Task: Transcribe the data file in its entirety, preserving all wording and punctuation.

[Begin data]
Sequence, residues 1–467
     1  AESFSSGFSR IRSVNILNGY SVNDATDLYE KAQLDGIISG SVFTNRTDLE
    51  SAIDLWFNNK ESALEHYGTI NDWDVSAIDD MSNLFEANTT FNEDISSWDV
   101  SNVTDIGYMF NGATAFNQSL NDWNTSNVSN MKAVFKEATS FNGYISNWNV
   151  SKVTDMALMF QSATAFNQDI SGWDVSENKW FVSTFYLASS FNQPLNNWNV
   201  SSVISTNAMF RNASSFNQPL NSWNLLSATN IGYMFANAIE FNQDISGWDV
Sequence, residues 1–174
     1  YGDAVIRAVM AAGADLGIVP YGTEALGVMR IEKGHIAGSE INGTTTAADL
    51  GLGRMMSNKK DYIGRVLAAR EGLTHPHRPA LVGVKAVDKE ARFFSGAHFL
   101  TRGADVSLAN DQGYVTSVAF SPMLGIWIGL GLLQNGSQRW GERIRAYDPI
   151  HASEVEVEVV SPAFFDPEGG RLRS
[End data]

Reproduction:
Sequence, residues 1–467
     1  AESFSSGFSR IRSVNILNGY SVNDATDLYE KAQLDGIISG SVFTNRTDLE
    51  SAIDLWFNNK ESALEHYGTI NDWDVSAIDD MSNLFEANTT FNEDISSWDV
   101  SNVTDIGYMF NGATAFNQSL NDWNTSNVSN MKAVFKEATS FNGYISNWNV
   151  SKVTDMALMF QSATAFNQDI SGWDVSENKW FVSTFYLASS FNQPLNNWNV
   201  SSVISTNAMF RNASSFNQPL NSWNLLSATN IGYMFANAIE FNQDISGWDV
Sequence, residues 1–174
     1  YGDAVIRAVM AAGADLGIVP YGTEALGVMR IEKGHIAGSE INGTTTAADL
    51  GLGRMMSNKK DYIGRVLAAR EGLTHPHRPA LVGVKAVDKE ARFFSGAHFL
   101  TRGADVSLAN DQGYVTSVAF SPMLGIWIGL GLLQNGSQRW GERIRAYDPI
   151  HASEVEVEVV SPAFFDPEGG RLRS